- More should be done to increase the study of STEM subjects (particularly among women) to ensure young people are equipped for the changing world of work.
Mary Stuart blogs for Wonkhe: Social mobility can be much more than just widening HE access. Excerpt: what does this all mean for the work of universities to support upward social mobility? The focus on social mobility already grows our remit beyond widening access towards considering added value and employment. Our role as anchor institutions takes this further, to incorporate the wider economic and societal environment into which our students will graduate. Drawing together the breath of university activities in this way is particularly important for institutions operating in those areas that are seeking to catch up: it can include our work with schools, the design of new courses to meet employer demand, and expanding our provision into further education and more diverse delivery of higher education.
Schools – Justine Greening’s speech at the Sutton Trust Social Mobility Summit 2017 as (reported on the BBC): “Education Secretary Justine Greening has announced the creation of an “evidence champion” who will make sure that decisions on improving schools in England are based on real evidence. “We have a lot of evidence about what works in schools, but it’s not spread within the school system,” she said. Sir Kevan Collins, chief executive of the Education Endowment Foundation, will be the first to take the role. Ms Greening said her top priority would be to improve social mobility
Widening Participation – In a compelling article, “I went from care to Cambridge University. Let me show you where the barriers are”, a care-leaver student writes about the cultural and psychological barriers she faced at university and urges institutions to do more than just facilitate access and bursaries to HE for WP students. She touches on the persistence of unhelpful messages about “not for the likes of us”, discouragement, peer attitudes and lack of awareness, alongside the general challenges a child in care has to overcome.
- “Many solutions have been proposed, such as lowering entry grades for students from marginalised backgrounds, which I support. But such remedies will only ever help the tiniest fraction of those targeted, as so few care leavers even get to the point where a lower grade requirement may allow them to apply. Instead, what is needed is a radical overhaul of the way we conceive of social mobility in this country: from the merely economic, to the cultural. And the government needs to ensure that everyone – no matter their postcode or budget – has access to culture, literature, art, politics and science: not just at school, but in their neighbourhood and community. Studying these subjects needs to feel possible for children and young people from all backgrounds. There’s a reason why I’ve succeeded where others like me have stumbled: a reason that’s not related to my hard work, tenacity, or intellect … for most of my childhood I was surrounded by books, art and culture. It was not a lofty dream for me to apply to university. In my experience, nobody gets anywhere worth going without some degree of privilege. Our most important job is not to celebrate those who might have “pulled themselves up by their bootstraps”, but to ensure that those born with little social privilege have access to the information and cultural advantages that most people reading this can probably take for granted.”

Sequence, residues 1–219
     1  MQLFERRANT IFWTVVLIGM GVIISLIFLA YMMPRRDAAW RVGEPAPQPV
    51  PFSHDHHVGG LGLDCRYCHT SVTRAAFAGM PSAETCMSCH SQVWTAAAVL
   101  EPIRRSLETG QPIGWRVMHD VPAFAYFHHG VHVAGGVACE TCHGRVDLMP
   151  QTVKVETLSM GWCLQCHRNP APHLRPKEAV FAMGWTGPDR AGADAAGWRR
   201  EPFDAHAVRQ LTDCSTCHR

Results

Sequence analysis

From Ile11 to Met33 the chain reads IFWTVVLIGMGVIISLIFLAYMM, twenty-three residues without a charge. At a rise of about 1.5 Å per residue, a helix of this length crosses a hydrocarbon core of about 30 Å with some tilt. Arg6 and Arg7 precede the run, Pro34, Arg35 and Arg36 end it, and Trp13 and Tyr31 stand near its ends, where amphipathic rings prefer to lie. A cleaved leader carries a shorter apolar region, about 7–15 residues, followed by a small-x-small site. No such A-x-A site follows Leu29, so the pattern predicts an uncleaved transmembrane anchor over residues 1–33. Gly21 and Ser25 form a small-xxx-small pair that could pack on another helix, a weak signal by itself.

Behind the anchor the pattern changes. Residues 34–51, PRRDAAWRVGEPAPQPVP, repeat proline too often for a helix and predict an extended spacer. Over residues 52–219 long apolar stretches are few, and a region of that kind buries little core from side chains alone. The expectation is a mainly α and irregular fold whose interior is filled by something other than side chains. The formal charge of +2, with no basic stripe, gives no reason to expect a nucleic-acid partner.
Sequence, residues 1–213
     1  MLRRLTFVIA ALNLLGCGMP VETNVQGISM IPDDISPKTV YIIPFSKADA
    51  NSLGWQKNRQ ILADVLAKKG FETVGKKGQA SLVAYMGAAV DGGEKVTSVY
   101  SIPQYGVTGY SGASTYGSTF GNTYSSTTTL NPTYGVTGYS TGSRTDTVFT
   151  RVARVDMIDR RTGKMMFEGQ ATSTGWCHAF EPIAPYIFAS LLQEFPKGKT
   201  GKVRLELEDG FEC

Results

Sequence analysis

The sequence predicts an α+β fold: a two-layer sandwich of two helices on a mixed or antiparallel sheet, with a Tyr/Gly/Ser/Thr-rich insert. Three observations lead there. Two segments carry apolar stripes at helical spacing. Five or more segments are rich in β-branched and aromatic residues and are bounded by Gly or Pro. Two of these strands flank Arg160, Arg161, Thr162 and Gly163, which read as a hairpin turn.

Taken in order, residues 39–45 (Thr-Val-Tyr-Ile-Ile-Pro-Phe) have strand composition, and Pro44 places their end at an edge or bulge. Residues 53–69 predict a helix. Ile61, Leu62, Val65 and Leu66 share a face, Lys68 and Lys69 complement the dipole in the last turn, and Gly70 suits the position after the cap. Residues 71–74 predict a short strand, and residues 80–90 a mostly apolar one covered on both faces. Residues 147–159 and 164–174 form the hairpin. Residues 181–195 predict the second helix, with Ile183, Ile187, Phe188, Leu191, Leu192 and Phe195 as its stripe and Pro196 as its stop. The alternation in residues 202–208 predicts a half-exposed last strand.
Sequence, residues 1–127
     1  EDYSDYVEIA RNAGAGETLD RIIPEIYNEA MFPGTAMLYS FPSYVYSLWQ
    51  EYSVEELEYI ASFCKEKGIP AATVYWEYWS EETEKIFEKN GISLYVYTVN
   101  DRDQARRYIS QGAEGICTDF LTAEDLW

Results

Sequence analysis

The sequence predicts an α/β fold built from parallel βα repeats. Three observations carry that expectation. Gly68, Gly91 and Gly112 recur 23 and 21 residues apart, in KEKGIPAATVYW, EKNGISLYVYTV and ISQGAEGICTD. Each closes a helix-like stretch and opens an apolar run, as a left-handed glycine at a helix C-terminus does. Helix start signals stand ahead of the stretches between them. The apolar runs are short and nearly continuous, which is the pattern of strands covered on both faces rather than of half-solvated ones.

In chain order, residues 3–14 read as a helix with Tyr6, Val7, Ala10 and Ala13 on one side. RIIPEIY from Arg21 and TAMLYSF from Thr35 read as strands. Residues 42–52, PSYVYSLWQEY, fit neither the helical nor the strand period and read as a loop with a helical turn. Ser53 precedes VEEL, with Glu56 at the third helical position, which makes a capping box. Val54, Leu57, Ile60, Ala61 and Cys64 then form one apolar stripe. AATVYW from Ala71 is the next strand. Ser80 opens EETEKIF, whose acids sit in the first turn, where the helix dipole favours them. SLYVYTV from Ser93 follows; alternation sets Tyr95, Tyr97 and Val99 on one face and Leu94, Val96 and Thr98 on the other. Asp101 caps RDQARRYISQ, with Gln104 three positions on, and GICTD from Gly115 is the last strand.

Applications – the national picture
UCAS statistics have confirmed a 4% drop in full time applications nationally within the 2017 cycle. Particularly notable is the 19% reduction in nursing applications (attributed to the removal of bursaries and new fee paying status), alongside a 96% fall in EU nurses seeking to work in the UK.
They also report a 5% decrease in EU applications to HE institutions, offset slightly by the predicted slight rise in overseas applications. Applications from mature students continues to fall, which has also shows up in the nursing applications.
- BBC: UK university applications fall by 4%
- Times: Drop in students aiming to become nurses
- Daily Mail: Number of applications for university falls by 25,000 in just one year as debate on £9,250-a-year tuition fees rages on
Independent Providers – The Independent HE Survey 2017 highlights few changes to the make-up of independent providers. They remain relatively small organisations that are industry-focussed and often deliver specialist programmes through varying models and durations. The survey found that 55% of independent providers believe the Higher Education and Research Act changes will benefit their institution and only 3% do not plan to register with the Office for Students. The independent sector with their specialist business focussed delivery are well placed to capitalise on the parliamentary drive for industrial strategy, productivity and competitiveness, alongside the reviews of tertiary education and the ripple effects from the shake up of apprenticeships. 22% of independent providers plan to apply for Taught Degree Awarding Powers. The majority of independent providers support a different funding model across tertiary education, with 60% pressing for funding based on academic credit, not the academic year. Of the independent providers surveyed 50% offer part-time and flexible learning (a current government and OFFA priority), 40% offer online, distance and blended learning, 16% run accelerated degree programmes and 10% offer apprenticeships – all of which the Government are pressing traditional HE institutions to do more of.